Favourite Computer Games

I have recently bought myself a really powerful laptop. I won’t bore you with the specs but it is one powerful computer. This thing throws binary around like confetti at a wedding. In fact I’m a little worried that Skynet is going to start right here in my house. Despite the fact that it is cutting edge technology, I managed to get a really good deal on the equipment from a great site - http://www.for-sale.co.uk/gaming-laptop – it really is a high-tech bit of kit. So why do I need this much power I hear you ask? It’s simple. Today’s games are so heavy on high-resolution graphics and high-fidelity sound and music that you need a monster machine to experience the games in anywhere near their optimum state.

With my new machine I will have no problems. It chucks the gigabytes around and smashes the pixels like nobody’s business so I’ll be able to play any of the latest releases with no problems at all. It’s the first time I’ve had such a gangbusters machine so it got me to thinking of all the old classics I played on under-powered machines. Games that I played with the resolution way down or the sound turned off or just plain waited while the game chugged through each turn.

Civilisation IV

The Civilisation series by Sid Meier is one of the all-time classics - . Breath-taking in scope, the game lets you play as one of many civilisations through the ages. You start at the dawn of time creating your cities and exploring the world. You research technology and balance your economy with an aim to dominate the other nascent civilisations that you meet along the way. It’s also a game where you learn about history and technology. As the game was meticulously researched it is an incredibly fun way to learn about ancient history and civilisations without feeling like you are being taught anything.

As far as I’m concerned, the series peaked with Civilisation IV which had many advances over its predecessors with a nicely balanced set of objectives. You could dominate your opponents militarily, economically, scientifically or culturally. It made the game replayable over and over again, with that just one turn mentality that kept you playing till the early hours of the morning. Though graphically the game wasn’t that challenging, I still had to turn the options down simply because the scope gets so big. Once you have uncovered most of the world there are so many units wondering around that the game used to chug each time the AI were taking their moves.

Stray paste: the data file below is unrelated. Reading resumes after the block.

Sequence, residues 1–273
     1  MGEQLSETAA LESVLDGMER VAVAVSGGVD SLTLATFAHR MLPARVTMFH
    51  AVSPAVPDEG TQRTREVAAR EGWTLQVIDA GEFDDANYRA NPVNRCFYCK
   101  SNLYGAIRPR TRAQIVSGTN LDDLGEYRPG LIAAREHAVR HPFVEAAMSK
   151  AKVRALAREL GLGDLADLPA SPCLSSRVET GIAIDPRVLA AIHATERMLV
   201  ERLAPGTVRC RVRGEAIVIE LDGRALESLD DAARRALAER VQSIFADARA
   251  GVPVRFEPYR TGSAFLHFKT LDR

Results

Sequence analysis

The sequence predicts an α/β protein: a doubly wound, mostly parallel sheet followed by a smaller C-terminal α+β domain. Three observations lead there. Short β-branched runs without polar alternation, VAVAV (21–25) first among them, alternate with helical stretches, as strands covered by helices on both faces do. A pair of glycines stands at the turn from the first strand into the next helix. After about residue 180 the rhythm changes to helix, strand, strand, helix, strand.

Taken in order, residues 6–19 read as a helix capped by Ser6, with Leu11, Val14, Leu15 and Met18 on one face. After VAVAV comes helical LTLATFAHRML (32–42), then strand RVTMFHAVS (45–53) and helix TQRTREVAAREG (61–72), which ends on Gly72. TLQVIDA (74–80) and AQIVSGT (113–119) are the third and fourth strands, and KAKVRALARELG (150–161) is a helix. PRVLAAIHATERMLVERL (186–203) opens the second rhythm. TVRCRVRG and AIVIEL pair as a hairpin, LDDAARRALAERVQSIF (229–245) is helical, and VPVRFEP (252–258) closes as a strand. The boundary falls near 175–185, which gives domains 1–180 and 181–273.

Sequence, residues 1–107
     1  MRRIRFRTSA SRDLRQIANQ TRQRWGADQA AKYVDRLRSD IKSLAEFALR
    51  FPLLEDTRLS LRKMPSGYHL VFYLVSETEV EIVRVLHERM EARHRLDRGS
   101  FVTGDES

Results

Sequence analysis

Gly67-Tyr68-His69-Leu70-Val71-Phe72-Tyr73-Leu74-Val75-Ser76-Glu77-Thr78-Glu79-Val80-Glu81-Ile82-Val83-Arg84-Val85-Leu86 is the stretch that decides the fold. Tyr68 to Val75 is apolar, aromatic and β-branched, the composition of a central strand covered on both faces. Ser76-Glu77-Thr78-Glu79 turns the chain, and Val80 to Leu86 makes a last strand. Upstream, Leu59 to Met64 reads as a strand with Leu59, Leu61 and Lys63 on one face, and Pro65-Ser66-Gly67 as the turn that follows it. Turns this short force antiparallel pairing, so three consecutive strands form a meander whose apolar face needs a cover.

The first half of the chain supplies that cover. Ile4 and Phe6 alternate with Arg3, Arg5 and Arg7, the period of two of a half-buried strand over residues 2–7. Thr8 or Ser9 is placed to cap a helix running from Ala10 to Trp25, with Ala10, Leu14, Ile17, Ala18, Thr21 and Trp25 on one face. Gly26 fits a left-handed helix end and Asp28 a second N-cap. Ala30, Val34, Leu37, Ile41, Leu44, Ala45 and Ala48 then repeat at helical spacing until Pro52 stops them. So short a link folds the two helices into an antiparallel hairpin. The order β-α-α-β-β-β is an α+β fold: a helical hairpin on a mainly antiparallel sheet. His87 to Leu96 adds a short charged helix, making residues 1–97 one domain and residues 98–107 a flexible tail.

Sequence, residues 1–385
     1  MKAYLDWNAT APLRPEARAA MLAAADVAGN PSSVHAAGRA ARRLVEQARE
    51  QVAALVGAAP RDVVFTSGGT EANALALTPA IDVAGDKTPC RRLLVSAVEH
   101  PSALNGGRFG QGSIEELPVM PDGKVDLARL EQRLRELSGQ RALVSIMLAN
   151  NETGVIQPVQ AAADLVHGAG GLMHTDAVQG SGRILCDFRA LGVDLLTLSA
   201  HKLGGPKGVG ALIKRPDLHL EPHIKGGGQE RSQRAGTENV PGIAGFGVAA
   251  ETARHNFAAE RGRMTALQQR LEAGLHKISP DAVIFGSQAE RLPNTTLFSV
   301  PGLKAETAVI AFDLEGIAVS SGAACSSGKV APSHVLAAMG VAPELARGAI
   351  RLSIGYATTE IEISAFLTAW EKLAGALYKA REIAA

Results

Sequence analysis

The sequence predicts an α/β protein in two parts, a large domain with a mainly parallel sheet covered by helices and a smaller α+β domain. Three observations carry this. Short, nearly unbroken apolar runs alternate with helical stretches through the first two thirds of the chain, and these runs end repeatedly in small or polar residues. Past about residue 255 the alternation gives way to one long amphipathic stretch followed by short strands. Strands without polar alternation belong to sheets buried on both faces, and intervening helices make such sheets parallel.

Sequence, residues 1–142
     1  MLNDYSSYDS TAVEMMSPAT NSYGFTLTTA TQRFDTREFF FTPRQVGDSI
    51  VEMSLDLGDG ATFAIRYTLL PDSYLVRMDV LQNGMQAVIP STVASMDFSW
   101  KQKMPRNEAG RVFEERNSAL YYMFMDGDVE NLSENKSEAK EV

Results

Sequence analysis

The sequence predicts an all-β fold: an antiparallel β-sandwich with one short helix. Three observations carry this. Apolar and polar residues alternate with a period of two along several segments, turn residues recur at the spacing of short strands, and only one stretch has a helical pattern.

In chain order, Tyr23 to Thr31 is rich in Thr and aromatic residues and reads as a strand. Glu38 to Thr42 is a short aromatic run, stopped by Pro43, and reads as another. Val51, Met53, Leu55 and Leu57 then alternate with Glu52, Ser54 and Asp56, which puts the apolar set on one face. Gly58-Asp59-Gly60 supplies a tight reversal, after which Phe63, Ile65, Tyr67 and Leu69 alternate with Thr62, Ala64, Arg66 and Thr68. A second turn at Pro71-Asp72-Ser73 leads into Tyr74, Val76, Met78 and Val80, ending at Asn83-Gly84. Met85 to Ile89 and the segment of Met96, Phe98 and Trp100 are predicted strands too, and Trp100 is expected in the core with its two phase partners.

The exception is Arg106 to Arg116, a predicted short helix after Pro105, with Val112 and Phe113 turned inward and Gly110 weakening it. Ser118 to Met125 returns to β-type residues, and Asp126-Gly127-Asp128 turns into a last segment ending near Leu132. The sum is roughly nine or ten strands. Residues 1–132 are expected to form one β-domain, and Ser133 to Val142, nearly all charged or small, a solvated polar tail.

The original Elite is well recognized as one of the most ground breaking titles ever created. It was a pioneer of all the space flight games that you see today. A new version called Elite Dangerous has been release recently but it was the simplicity of the first game that really captured my imagination. It was one of the first games that really allowed me to create my own stories. The mechanics were simple but the immersion of the universe was so good that you really felt like a space trader, or a space pirate if you so desired. You could choose your own path in the game, with a loose goal of getting to elite but with enough freedom for your fantasies to be complete.

There were so many great moments in the game, from docking your first spacecraft landing to upgrading your ship and moving up the rankings. The later you got in the game, the more your ship bristled with high-tech gadgets and weaponry to bedazzle your opponents. All of that tech was needed though for the mysterious race of aliens the Thargoids who lurked in hyperspace waiting to ambush unsuspecting pilots.

Dungeon Keeper

Bullfrog’s Dungeon Keeper series twisted the concept of good and evil on its head. You were not the hero in the game, you got to be evil. Set in a fantasy dungeon, you were the evil overlord whose job was to make a maze of corridors, traps and rooms, populate with all sorts of monsters and then kill the adventuring heroes foolhardy enough to venture into your underground lair. I loved the concept of the game and the cutesy look of the characters blew me away. I got a real sense of satisfaction playing the bad guy for once and setting my monsters onto the goody two shoes heroes as they cam in search of my gold. One of my favourite bits was controlling the game with my ethereal hand, picking up imps or slapping them to make them work faster. The game’s tagline really summed up the experience well – “It’s good to be evil”.